This is intended to be a fun question. Calorimetry used for calculating the heat generated from chemical changes has been around for centuries, however, I suspect the process for calculating food calories is much more complicated. Can anybody provide a clear succinct, knowledgable answer? Although I will accept answers with links, an independent answer would be preferred.
There's a few different ways of defining what you mean by 'Calories' in food. There's the obvious physical/chemical definition of energy stored in the food, but I had an objection when I explained that warmer food naturally has more Calories than cold food. There's also the measure of absorbtion, or 'digestibility', which can be determined by what nutrients pass through the body unabsorbed.
The US FDA has guidelines that basically suggest for their labeling requirements, it's based on estimates of calories in the component parts of the food:
But they also have rules on rounding:
It seems that less than 0.5g is required to be listed as '0g', even though they call for rounding at other times:
Some items are allowed to take into account absorbtion (eg, Olestra, the fat that humans can't absorb), but there's also personal differences -- not all people absorb nutrients the same way, due to food intollerances. There's also the question of how cooking affects absorbtion, as some studies have shown different digestibility between cooked and uncooked items. Of course, nutrition labels don't have a way to explain that there's different effective Calories depending on how something's prepared.
Personally, I go with the assumption that they're inaccurate estimates. It's my understanding that the FDA doesn't even care unless the values are more than 20% off. As such, there's no incentive for companies to test their product -- if they found out their values were wrong, they might be forced to correct them, and doing so could put them at a disadvantage to other groups that were 19.5% wrong in their values. Also, as most food products are agricultural, there's going to be differences between tomatoes from one plant to another, and they just average these things out ... but we have no idea what the variance is for any of the values.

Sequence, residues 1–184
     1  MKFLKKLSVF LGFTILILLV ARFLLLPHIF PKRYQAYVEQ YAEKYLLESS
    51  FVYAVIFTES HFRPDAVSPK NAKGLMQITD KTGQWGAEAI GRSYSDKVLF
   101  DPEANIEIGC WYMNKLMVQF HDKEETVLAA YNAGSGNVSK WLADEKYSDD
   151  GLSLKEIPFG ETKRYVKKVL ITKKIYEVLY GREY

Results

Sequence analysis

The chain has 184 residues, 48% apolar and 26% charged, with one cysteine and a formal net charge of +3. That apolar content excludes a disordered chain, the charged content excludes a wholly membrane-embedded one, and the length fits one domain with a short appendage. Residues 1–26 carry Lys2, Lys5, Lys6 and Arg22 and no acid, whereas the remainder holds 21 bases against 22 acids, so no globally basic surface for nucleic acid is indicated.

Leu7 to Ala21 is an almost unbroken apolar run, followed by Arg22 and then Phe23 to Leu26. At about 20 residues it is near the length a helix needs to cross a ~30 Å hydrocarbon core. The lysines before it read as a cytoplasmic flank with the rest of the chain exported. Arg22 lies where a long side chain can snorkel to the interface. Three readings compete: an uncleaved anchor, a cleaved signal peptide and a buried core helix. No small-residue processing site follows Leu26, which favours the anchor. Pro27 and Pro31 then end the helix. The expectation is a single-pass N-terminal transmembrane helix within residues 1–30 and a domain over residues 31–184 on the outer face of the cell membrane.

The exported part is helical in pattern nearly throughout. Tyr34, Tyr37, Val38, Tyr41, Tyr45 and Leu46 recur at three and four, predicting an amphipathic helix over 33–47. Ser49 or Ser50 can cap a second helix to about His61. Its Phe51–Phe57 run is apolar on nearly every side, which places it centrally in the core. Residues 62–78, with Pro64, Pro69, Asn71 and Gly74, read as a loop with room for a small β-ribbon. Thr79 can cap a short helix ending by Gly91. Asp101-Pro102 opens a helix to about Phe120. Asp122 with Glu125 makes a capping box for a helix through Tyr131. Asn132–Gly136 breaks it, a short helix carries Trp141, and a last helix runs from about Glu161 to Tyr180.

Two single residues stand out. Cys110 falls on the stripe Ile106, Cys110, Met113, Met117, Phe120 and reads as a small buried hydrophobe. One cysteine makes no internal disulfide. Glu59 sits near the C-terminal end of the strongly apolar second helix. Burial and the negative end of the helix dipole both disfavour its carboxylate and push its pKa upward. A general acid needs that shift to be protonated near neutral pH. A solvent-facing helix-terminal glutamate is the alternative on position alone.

update : Looking at what I wrote, I don't think I was really clear on the different perspectives of what 'Calories' in food are:
a great question. First, a detail: a person needs something like 2,000 kilocalories a day. At least that's how the unit is used today; in the past, the modern kilocalorie used to be called a calorie. Today, 1 kcal equals 4.182 kilojoules.
Ideally, one could measure the kilocalories by direct calorimetry, i.e. in a bomb calorimeter. However, that would also burn some portions of the food that are not burned by the humans - as demonstrated by the fact that we sometimes need to use the restrooms to deposit some solids (with dietary fibers etc.) as well.
The dietary value is only encoding the energy that can be extracted from the food by humans. So it is assumed that we can only get the energy from several basic "elements of food", namely fat, ethanol, proteins, carbohydrates, organic acids, polyols (sweeteners, sugar alcohols), fibre, and erythritol.
Each food is chemically analyzed and the amount of these components is quantified. By multiplying the weight of each component by the "energy density" (for example, it's 9 kcal/g for fats), we obtain the kcal figure for the food.
I suppose that these standardized figures - such as 9 kcal/g for fat - have been obtained by observing people's motion and heat for some time but I am actually not quite sure whether they were feeding someone with pure fat for some time haha. Someone may know an answer to this sub-question.
Best wishes Lubos
The "calories" in food used to be measured using a bomb calorimeter: the food is burnt, one measures how much heat that produces. This is confirmed by "for dummies" and more believably by this publication from Fisher Scientific who make bomb calorimeters for this purpose - so they should know.
On the other hand, this article in Scientific American (written by a food scientist) says that since 1990 the method prescribed in the USA (by the Nutrition Labeling and Education Act or NLEA) is based on food composition - with the values used for carb, protein, fat derived from bomb calorimeter measurements (but obviously approximate).
The reason for this is that the bomb calorimeter does not always give you the nutritional calorie count - whether the body can actually extract these calories. Fiber for example is a typical case: depending on the type of fiber, and your precise gut flora, you may be able to extract more or less energy from certain kinds of fiber. But fiber burns and creates calories (think wood).